Negotiation Language – #20054

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Negotiation Language – #20054

This lesson deals with negotiation language and structure, a structure that generally follows this order: question, suggestion, counter suggestion, agreement, and confirmation. Example negotiation phrases and questions are given for each of the steps; these provide you with wording that you can incorporate in your own negotiations. Consult the “Additional Vocabulary” section at the end of the lesson for suggested phrases to use when an agreement can’t be reached, or when you wish to defuse negativity.

english pronunciation practiceNEGOTIATION STRUCTURE

Negotiations Often Follow This Common Structure

QUESTION → SUGGESTION → COUNTER SUGGESTION → AGREEMENT → CONFIRMATION

english pronunciation practiceQUESTIONS

Asking questions helps you find a starting point for negotiations.

  • What is the situation on…?
  • What sort of… are you looking for?
  • How important is…?
  • What were you thinking of in terms of …?
  • What did you have in mind regarding…?
  • What are we looking at in the way of…?
english pronunciation practiceSUGGESTIONS

Offer your suggestion to let the other side know where you stand.
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english pronunciation practiceCOUNTER SUGGESTIONS

Offer a counter suggestion if you don’t like what the other side offered. Don’t refuse their offer directly–show them that you are interested but you have an alternative offer.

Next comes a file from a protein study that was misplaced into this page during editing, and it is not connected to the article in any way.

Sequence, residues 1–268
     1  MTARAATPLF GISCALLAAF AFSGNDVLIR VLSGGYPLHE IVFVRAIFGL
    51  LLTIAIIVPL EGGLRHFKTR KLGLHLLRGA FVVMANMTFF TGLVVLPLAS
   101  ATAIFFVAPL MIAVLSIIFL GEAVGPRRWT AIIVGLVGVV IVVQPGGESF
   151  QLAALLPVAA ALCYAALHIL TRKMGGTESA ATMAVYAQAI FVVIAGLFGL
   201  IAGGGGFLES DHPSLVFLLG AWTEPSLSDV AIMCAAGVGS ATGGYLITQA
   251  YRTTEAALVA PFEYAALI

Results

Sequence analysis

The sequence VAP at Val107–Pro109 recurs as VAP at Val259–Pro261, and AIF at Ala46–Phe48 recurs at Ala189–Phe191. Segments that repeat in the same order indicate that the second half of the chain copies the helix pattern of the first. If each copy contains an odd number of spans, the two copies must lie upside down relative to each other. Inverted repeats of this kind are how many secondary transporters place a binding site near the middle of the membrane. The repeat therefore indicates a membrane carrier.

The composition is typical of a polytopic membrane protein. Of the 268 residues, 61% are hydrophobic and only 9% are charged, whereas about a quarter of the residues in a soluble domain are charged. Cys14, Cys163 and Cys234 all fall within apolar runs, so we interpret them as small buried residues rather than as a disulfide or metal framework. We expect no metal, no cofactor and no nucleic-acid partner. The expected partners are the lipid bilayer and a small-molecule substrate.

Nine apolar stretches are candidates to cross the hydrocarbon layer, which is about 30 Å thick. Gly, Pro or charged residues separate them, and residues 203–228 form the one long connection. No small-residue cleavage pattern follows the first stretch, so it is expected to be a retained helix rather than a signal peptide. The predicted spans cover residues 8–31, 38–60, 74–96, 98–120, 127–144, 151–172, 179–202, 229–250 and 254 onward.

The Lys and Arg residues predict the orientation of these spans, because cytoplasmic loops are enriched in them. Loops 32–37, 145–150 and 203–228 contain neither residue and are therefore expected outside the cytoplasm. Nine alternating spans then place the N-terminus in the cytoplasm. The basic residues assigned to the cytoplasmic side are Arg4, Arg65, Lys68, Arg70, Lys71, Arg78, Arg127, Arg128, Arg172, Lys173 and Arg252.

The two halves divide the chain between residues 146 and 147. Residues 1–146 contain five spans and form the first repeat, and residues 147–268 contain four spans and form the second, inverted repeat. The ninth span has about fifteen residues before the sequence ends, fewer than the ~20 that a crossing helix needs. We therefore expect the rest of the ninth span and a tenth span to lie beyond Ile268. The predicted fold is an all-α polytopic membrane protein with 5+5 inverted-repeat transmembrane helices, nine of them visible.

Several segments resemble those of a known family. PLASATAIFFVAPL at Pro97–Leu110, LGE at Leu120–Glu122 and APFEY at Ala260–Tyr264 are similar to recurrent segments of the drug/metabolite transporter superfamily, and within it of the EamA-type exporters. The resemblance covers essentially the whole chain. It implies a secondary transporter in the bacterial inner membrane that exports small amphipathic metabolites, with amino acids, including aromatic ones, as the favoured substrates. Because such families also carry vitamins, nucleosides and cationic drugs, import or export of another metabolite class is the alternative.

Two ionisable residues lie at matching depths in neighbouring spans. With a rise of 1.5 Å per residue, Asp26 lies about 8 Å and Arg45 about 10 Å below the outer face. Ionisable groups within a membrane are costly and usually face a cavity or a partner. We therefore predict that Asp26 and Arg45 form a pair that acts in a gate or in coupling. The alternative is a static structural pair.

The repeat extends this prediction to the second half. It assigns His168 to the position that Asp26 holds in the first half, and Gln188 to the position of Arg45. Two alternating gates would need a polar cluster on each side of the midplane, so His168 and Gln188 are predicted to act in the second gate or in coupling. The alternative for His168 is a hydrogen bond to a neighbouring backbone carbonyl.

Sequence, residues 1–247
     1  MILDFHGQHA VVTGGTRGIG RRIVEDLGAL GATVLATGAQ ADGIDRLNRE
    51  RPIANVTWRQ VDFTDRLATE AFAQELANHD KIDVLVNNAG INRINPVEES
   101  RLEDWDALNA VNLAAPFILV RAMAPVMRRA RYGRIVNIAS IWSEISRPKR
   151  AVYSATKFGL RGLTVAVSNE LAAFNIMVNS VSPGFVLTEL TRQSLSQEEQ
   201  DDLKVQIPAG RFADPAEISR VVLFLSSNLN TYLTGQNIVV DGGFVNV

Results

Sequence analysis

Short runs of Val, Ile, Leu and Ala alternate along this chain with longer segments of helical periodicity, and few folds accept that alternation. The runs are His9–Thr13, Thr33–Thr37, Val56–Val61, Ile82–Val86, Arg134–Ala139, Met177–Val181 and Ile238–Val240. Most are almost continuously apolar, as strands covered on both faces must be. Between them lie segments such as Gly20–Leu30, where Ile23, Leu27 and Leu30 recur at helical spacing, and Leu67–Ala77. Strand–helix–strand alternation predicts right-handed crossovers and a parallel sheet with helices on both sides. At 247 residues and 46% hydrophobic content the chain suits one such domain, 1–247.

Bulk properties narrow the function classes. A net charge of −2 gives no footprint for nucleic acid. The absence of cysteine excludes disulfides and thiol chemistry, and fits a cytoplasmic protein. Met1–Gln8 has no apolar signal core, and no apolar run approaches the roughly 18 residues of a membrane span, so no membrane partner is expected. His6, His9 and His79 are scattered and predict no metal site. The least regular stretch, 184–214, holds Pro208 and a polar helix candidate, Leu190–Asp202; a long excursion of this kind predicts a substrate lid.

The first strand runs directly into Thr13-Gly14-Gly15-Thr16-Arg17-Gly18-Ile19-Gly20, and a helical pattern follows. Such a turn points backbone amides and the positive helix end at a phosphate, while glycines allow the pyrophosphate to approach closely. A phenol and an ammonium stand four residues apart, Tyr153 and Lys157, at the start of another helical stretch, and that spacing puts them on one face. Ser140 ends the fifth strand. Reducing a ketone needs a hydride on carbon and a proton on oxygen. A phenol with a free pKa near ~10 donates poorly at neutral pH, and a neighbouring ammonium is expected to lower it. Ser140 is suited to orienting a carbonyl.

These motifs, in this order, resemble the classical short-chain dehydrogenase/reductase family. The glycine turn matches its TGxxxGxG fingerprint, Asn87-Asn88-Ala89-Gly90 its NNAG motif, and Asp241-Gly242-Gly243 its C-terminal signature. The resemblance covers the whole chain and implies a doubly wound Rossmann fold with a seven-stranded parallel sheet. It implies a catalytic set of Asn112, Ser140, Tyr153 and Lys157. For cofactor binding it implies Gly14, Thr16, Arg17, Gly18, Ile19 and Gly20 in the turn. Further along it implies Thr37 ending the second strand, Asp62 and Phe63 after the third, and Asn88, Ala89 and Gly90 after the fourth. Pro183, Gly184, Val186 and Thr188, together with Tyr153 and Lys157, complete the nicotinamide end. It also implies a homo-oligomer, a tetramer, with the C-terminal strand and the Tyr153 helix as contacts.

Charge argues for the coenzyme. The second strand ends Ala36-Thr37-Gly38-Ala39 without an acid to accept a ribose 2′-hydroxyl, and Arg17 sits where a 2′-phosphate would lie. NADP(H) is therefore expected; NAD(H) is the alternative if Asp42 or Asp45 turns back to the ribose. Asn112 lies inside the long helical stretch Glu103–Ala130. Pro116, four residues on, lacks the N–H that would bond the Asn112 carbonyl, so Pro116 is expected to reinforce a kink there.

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english pronunciation practiceAGREEMENT

Offer a counter suggestion if you don’t like what the other side offered. Don’t refuse their offer directly–show them that you are interested but you have an alternative offer.
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english pronunciation practiceCONFIRMATION

Offer a counter suggestion if you don’t like what the other side offered. Don’t refuse their offer directly–show them that you are interested but you have an alternative offer.
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english pronunciation practiceADDITIONAL VOCABULARY

If the people you are negotiating with do not agree to anything, you might want to move on to another topic for the time being.
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More Practice
Once you have practiced this page, you may also want to try these related pages:
Business Phrases – Starters, Replies, Enders
Winning Vocabulary Quiz

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3 Comments

  1. Blythe
    Posted May 22, 2013 at 11:24 am | Permalink

    Before you negotiate anything, you should always know your “walk-away” price or your “bottom line.” What’s the most you’ll pay? What’s the least you’ll take?

    Also, make some small talk before your discussion so you can get to know the person. If you gather additional information about why they are selling or buying, you might find out how you can both win!

  2. ricardo
    Posted June 29, 2013 at 9:53 pm | Permalink

    Excellennnnnnnt

    • Blythe
      Posted August 26, 2013 at 9:00 pm | Permalink

      Thanks for your comment, Ricardo! I glad you’re enjoying the site. 🙂

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